Hubby gave me a you’re-so-paranoid look. “It’s not even Easter.”
With a few more gentle (Ahem!) reminders, he tried to order seeds online. Garden websites sang a unanimous song: sold out.
Would a similar run gobble up all seedlings? Would we be condemned to store-bought tomatoes forever?
Having learned his lesson (Always listen to your paranoid wife.), Hubby tracked down and planted tomato seeds. The seedlings will mature too late to plant at the usual time. But we’ll repot and keep them indoors. We’ll share them with others, spoiling them forever for tomatoes that taste like red sunshine — one small way to sweeten this pandemic.
Methuselah would be proud.
Your Extraordinary Ordinary: What’s your favorite fresh veggie?
O Lord, You know that when our daughters married I tucked my sweet-and-sour recipe into their new recipe boxes. Recently, a mom on Facebook recognized I’d given it to her as a bride, too, and her kids love it. OMG, I’m learning: meatballs aren’t a profound theological contribution to others’ lives, but little goodnesses can make a difference.
*Sweet-and-Sour Sauce for Chicken, Pork, or Meatballs
When using 1½ lbs. chicken or pork, I cook the chopped meat with one sliced onion in oil. Set aside.
When using meatballs, mix:
- 1 ½ lb. ground beef
- 2/3 c. cracker crumbs
- 1/3 c. chopped onion
- 1 egg
- 1 ½ t. salt
- 1 ½ t. garlic powder
- ¼ t. ginger
- ¼ c. milk
Form meatballs and cook in oil in skillet. Set aside.
Sweet and Sour Sauce:
- 2 T. cornstarch
- ½ c. brown sugar
- 1 can (13½ oz.) pineapple tidbits, drained (reserve juice)
- 1/3 c. vinegar
- 1 T. soy sauce
Mix dry ingredients, then add reserved juice, vinegar, and soy sauce. Cook in skillet over medium heat, stirring until mixture thickens. Add pineapple.
To sweet-and-sour chicken or pork, I add 1 tart apple, sliced, and stir until crisp-tender. 1/3 c. bell pepper (green, red, etc.), chopped, can also be added to any of the recipes.
Add meat and stir until heated through. Serve over rice. Serves 4-6, depending on whether your household includes big eaters. Enjoy!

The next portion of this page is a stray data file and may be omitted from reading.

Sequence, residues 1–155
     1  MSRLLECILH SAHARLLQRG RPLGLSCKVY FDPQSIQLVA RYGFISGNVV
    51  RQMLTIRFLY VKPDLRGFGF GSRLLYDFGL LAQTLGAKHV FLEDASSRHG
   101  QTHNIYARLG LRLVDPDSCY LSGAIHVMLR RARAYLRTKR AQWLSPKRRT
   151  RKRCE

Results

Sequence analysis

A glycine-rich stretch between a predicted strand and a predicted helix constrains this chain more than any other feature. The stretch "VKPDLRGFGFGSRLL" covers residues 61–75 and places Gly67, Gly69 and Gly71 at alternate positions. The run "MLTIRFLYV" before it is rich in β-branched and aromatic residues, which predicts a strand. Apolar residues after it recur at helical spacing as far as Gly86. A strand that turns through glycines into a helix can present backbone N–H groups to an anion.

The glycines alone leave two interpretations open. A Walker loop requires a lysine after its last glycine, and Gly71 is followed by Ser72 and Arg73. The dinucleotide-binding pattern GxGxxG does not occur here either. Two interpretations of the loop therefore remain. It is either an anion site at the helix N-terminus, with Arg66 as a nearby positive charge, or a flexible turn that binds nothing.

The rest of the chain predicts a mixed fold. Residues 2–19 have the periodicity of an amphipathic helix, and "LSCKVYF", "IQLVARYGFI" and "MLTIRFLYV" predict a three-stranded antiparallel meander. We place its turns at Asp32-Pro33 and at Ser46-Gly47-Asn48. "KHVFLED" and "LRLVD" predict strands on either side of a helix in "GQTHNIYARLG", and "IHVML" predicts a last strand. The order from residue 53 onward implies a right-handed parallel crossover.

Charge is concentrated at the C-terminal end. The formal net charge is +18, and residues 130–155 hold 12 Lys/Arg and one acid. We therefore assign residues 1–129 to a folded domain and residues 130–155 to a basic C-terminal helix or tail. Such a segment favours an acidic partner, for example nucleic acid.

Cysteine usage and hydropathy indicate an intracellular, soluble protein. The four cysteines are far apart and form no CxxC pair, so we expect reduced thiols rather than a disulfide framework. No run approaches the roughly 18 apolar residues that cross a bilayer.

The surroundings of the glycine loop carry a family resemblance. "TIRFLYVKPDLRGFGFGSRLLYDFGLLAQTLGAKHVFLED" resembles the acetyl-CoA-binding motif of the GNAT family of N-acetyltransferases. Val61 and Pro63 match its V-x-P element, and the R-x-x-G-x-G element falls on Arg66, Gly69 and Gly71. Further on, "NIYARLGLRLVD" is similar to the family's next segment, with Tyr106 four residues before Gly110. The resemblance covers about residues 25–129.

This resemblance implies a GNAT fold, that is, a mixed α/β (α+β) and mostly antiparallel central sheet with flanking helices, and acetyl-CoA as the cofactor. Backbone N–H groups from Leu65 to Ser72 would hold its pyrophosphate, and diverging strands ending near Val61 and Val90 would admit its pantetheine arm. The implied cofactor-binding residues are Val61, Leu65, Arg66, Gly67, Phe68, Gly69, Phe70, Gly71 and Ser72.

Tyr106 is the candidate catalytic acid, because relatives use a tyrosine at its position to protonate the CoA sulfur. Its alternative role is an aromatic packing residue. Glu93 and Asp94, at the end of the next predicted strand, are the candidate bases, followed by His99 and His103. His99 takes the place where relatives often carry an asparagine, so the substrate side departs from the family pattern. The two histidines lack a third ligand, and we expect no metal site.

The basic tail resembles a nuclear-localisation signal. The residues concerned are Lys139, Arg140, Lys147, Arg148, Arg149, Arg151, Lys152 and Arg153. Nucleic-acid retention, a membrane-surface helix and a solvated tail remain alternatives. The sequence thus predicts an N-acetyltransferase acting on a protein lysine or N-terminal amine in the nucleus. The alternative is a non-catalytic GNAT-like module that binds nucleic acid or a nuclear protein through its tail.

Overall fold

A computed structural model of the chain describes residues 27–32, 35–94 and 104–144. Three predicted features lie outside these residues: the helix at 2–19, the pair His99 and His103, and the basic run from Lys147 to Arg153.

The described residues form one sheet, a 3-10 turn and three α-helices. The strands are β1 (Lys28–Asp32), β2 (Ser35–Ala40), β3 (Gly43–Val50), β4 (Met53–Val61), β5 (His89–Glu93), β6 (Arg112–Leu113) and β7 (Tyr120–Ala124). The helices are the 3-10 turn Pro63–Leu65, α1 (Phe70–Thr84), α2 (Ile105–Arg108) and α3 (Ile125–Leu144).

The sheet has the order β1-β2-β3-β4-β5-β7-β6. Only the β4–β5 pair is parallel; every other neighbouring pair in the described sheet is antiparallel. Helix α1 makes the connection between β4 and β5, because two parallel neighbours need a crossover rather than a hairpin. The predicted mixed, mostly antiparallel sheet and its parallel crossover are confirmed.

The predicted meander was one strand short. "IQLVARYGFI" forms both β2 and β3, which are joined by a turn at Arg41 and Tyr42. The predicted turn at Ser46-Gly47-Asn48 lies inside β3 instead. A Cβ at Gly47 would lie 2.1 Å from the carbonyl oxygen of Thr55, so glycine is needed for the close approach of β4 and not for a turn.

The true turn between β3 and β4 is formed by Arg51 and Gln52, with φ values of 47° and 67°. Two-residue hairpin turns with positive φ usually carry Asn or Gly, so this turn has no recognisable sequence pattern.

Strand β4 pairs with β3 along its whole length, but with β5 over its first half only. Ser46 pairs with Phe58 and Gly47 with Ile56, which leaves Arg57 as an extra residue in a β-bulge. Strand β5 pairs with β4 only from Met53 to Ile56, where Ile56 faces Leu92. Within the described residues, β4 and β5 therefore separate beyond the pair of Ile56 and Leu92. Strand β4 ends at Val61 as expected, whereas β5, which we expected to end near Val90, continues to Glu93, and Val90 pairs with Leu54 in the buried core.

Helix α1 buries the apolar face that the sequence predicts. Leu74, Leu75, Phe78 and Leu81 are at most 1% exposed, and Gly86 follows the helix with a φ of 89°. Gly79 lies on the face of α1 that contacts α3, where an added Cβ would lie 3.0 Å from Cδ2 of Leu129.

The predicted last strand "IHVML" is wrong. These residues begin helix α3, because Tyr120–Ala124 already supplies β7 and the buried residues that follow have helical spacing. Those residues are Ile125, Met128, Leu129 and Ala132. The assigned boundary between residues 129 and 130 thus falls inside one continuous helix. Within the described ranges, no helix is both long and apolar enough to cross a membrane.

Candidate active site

*Based on Waikiki Meatballs Recipe, Betty Crocker’s Cookbook, 1975
For me, the machine takeover began when a Coke machine stole my dime. Big, red and shiny, it resembled a metallic Santa Claus. Yet its friendly exterior hid a chilly heart.
Decades later, I am still at odds with machines. Especially those that tell me what to do.
Many contemporary machines keep their requests polite. My car dings apologetically when I forget to turn off its lights. My husband’s truck, however, peals like Big Ben, even when its belly bulges with $45 worth of gas.
“Don’t you dare talk to me in that tone!”
Does it listen to me? Never.
My Keurig coffee maker smarts off, too. Sure, its screen requests, “More water, please,” but it flashes an on-off light that betrays sarcasm. Reminds me of kids who demand ironed gym clothes, please (eye rolls).
The Information Age forces computers on us, sneaky machines that pose huge challenges to those who consider Ziploc® bags high tech. Don’t trust those friendly log-in welcomes. Do computers ever eat files like “My Worst Golf Scores” or “Breakfasts I Ate in 1993?” No-o-o. Mine devours IRS records and my newly finished novels. When feeling really rowdy, it emails eye-popping website links to my relatives.
I first encountered self-checkout machines at a grocery. A Voice welcomed me enthusiastically, then instructed me to scan my first item: a Death by Chocolate cake for my daughter’s college graduation. I found the UPC symbol on the cover’s bottom. Rats.
“Scan the first item and place it in the bag.” No “please.”
“I’d have to flip it over.” I held out my item for the machine to see. “It doesn’t fit in the bag. It’s a cake. An expensive cake!”
Now the ominous Voice demanded, “Scan the first item. Place it in the bag, or else.”
“I’ll bet you wouldn’t if it was your daughter’s cake!” I swung a fist at the monitor.
I’d swear it ducked.
“If you had half a brain, you could do this,” the Voice boomed.
I haven’t visited that store since. The restraining order might have something to do with that. …
I’ve heard self-checkouts now have better manners. Though with my luck, I’ll use one related to that first cake-hater. And wear the next cake I buy.
All this began with that long-ago Coke machine. I occasionally encounter its thieving descendants and fight the childhood urge to spit at them. See, machines can’t do that! Instead, I check coin returns. Once I found a quarter. Given inflation, the machine didn’t repay me for its ancestor’s larceny. But it tried.
I smiled and patted its shiny red side. That’s something machines can’t do yet, either.
Your Extraordinary Ordinary: Are machines your friends or enemies?
O Lord, Mama Robin must have flunked Nest-building 101. But OMG, I’ve flunked a few aspects of motherhood, too. Despite less-than-perfect efforts, may our children grow strong and soar in Your heavens!
Before the quarantine, I beheld a newspaper story that made my body temperature plummet into the single digits. Soccer had invaded our area. Again.
“Calm down.” I took 10 deep breaths. “Your children have flown the nest. And the therapy helped. Really.”